What does this have to do with parenting?
Some parents love to fall back on the phrase Life Is Not Fair. It's the Get-Out-Of-Jail-Free-Card of parenting. It's a daily occurrence in some homes: Kid calls parent's (arbitrary) ruling unfair. Parent says Life Is Not Fair. Discussion over.
But does this make any sense? Does making arbitrary rules help a child prepare for the inevitable unfairness of nature? Is a 10:00 curfew unfair in the same way as a Category 5 hurricane, or a sudden strike by Cancer?
I think not. And I refuse to hand out arbitrary injustice to my children for the sake of teaching a lesson about life. Life can take care of its own lessons.
Life may not be fair, but people can be. Parents can be.
I want my children to grow up thinking that people can be fair and kind and wonderful. That I am fair and kind and wonderful. That they can be too. I would rather my kids start with this assumption, and be disappointed by those who contradict it, than start with the assumption that people are just unfair and we all have to accept that as part of life.
I'm not training my kids to chalk up unfairness caused by people to Life Isn't Fair. And before you ask about about my kids becoming too trusting or naive because of this, don't worry. There are lots of people out there who will teach my kids about unfairness. And I will be right alongside my kids as they learn about it. I will be there to defend justice for my kids, and to help them deal with injustice. I'm here to make sure my kids don't get used to unfairness, so they will not stop being appalled by it. Pointing it out. Questioning it.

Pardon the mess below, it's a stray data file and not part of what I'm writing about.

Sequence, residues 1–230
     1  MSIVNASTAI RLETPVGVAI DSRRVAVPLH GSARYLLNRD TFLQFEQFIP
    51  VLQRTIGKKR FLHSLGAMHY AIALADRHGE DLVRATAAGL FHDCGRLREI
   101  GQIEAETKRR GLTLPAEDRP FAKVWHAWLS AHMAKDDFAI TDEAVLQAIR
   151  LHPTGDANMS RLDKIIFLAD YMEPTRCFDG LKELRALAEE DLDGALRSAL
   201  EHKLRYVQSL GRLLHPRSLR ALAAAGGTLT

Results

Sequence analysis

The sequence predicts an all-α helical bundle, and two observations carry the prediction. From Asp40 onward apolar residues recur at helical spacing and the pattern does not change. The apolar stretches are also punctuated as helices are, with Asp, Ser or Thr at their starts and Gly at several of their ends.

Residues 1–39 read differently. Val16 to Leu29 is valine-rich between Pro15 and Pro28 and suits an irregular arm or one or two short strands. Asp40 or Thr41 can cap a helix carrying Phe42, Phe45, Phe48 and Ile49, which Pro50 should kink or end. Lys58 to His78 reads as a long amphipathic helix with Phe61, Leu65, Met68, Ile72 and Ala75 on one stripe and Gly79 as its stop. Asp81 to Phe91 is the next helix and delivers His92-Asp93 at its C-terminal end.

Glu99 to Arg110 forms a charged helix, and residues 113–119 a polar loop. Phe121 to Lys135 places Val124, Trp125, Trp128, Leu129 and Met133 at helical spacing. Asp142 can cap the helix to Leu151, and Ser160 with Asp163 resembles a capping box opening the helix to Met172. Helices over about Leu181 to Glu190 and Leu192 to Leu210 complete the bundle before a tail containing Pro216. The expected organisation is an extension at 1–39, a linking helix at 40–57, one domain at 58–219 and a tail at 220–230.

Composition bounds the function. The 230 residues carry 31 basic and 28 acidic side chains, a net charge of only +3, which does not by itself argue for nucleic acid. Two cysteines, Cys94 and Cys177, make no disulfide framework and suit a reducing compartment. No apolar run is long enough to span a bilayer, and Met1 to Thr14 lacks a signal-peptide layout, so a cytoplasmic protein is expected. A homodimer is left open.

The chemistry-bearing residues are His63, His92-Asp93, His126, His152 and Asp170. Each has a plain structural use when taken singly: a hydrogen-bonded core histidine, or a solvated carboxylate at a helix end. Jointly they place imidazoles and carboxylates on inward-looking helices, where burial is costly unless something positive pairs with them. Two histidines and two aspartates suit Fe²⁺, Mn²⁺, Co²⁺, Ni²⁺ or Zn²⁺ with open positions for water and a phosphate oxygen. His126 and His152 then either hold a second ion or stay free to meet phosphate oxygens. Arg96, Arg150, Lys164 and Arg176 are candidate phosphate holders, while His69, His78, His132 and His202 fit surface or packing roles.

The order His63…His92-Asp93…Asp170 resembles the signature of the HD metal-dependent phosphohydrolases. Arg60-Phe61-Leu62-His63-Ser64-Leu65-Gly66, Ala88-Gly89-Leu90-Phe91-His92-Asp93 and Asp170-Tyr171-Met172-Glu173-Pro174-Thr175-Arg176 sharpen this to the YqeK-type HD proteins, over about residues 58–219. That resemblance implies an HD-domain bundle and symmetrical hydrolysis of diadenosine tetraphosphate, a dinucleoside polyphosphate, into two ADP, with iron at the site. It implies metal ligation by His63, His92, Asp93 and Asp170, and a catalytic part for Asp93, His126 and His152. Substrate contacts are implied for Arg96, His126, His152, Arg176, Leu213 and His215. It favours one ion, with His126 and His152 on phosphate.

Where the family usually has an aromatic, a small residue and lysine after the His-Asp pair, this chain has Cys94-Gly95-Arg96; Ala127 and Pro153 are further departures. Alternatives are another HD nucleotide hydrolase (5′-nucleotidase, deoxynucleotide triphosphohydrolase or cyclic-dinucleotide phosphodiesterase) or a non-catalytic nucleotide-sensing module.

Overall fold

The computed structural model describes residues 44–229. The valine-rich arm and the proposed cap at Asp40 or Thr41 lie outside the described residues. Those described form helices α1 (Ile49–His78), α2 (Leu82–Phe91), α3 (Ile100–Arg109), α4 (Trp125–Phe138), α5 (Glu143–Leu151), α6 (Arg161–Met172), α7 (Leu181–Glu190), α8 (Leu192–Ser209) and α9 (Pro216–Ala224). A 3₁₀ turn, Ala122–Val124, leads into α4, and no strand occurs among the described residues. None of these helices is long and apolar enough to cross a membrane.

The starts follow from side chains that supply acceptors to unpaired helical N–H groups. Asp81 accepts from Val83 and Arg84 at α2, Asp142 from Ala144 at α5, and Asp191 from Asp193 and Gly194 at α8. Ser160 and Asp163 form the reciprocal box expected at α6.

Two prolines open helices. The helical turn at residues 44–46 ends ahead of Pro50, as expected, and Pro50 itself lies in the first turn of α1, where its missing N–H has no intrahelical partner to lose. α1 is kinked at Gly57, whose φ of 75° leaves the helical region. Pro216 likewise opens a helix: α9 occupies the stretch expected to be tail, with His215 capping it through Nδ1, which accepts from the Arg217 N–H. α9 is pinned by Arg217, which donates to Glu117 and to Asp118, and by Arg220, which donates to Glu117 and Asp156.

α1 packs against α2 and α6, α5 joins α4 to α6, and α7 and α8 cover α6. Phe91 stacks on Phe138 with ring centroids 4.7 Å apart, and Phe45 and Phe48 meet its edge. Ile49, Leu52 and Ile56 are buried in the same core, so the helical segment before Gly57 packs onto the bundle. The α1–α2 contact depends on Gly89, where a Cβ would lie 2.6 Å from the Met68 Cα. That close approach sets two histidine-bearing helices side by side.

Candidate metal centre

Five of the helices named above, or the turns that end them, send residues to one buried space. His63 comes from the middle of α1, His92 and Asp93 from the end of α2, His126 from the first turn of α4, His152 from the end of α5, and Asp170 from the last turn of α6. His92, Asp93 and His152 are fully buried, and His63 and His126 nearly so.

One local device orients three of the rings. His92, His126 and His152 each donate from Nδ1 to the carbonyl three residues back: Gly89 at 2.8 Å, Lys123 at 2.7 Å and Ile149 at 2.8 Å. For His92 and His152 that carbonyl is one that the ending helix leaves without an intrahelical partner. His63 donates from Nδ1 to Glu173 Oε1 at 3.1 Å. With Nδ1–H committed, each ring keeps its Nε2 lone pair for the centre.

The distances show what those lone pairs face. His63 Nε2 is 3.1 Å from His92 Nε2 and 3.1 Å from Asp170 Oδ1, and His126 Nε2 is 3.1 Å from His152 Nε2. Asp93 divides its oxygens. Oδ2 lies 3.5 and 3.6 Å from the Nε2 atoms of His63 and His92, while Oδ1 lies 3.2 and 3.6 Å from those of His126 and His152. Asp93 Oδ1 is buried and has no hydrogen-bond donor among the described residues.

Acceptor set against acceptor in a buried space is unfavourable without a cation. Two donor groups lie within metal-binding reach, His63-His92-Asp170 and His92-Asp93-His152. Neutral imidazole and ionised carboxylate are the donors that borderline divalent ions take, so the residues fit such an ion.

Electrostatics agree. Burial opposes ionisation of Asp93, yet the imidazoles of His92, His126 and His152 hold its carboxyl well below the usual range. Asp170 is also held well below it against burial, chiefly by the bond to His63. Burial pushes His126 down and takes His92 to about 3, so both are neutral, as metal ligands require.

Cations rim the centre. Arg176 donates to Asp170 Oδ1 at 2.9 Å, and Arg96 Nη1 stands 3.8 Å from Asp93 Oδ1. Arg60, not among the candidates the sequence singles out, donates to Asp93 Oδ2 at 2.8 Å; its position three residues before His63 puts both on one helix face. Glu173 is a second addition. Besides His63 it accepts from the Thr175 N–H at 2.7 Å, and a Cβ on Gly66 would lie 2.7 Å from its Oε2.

Practically speaking, this doesn't mean I am weighing my kids' ice cream bowls to make sure they get the exact same amount (after all, there is always more ice cream to be had). But it does mean that if one of my kids tells me I am being unfair, I take it seriously. If there is anything I can do to be more fair, I will do it. We will figure it out together. Also, on those rare occasions when I can't possibly avoid being unfair, I will apologize to and sympathize with my child over it, rather than enjoy it.
I took a little inspiration from this article, in which the author writes:
“That’s not fair.” I can’t tell you what joy this phrase brings to my life. Because I hear it. Often. From my kids.
When they have to come in for dinner. When they can’t have a friend sleep over. When they have to stop their game to finish homework. When they have to make their bed (again) because it didn’t work the first time with the kicked-off sheet lying on the floor. When they don’t get their way. Then, life is not fair.
Do you feel like it's necessary to be unfair to your kids to teach them a lesson?